Healing will occur most quickly if you can continue your usual activities in a gentle manner while avoiding what may have caused the pain in the first place. Avoid long periods of bed rest, which can worsen your pain and make you weaker.

If your back pain hasn't improved noticeably after 72 hours of self-care, see a doctor.

With proper care of a strain or sprain, you should notice steady improvement within the first 2 weeks. Most back pain is much better in 6 weeks. Sprained ligaments or severe muscle strains may take up to 12 weeks to heal. Once you have back pain, you're more prone to experience repeated painful episodes.   Follow these home care steps:

  • Use cold packs initially to relieve pain. Wrap an ice pack or a bag of frozen vegetables in a piece of cloth. Hold it on the sore area for 15 minutes four times a day. To avoid frostbite, never place ice directly on your skin.
  • You may be most comfortable lying with your back on the floor, hips and knees bent and legs elevated. Get plenty of rest, but avoid prolonged bed rest-more than a day or two may slow recovery. Moderate movement keeps your muscles strong and flexible. Avoid the activity that caused the sprain or strain. Avoid heavy lifting, pushing or pulling, repetitive bending and twisting.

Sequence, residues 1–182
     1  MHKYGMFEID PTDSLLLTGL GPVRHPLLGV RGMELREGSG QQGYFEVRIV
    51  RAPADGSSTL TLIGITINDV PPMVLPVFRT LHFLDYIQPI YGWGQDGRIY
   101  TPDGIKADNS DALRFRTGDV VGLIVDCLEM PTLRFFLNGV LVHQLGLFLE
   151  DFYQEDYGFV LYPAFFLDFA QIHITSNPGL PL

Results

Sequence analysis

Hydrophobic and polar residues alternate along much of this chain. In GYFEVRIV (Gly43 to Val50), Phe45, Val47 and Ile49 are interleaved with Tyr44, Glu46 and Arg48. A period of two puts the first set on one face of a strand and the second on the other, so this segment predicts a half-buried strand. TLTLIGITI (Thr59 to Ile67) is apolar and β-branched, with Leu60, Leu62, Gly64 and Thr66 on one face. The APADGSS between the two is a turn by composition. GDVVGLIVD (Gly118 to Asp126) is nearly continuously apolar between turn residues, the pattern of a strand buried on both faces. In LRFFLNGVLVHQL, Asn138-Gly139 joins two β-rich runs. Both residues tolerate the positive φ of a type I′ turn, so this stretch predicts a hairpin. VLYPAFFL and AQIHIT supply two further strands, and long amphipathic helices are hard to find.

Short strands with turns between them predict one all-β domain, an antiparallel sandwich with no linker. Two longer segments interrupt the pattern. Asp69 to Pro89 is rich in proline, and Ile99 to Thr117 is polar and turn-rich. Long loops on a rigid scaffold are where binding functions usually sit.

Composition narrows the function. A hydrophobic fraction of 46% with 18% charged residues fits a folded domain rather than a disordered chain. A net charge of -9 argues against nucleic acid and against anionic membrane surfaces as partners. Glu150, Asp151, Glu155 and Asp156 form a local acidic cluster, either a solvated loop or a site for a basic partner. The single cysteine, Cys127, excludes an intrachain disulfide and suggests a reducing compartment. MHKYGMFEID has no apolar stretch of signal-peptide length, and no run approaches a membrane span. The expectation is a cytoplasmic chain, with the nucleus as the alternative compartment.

• After 48 hours, you may use heat to relax sore or knotted muscles. Use a warm bath, warm packs, a heating pad or a heat lamp. Be careful not to burn your skin with extreme heat. But if you find that cold provides more relief than heat, you can continue using cold, or try a combination of the two methods.
  • Gradually begin gentle stretching exercises. Avoid jerking, bouncing or any movements that increase pain or require straining.
  • Use over-the-counter pain medications such as ibuprofen or acetaminophen.
  • Massage or physical therapy (including some forms of manipulation or adjustment) may be helpful, especially for muscle spasms, but avoid placing any pressure directly on your spine.
  • If you must stand or sit much of the day, you may consider using a support brace or corset. Worn properly, they may relieve your pain and provide warmth, comfort and support. However, relying on this type of support for a long time, rather than using your muscles, may actually weaken your muscles.

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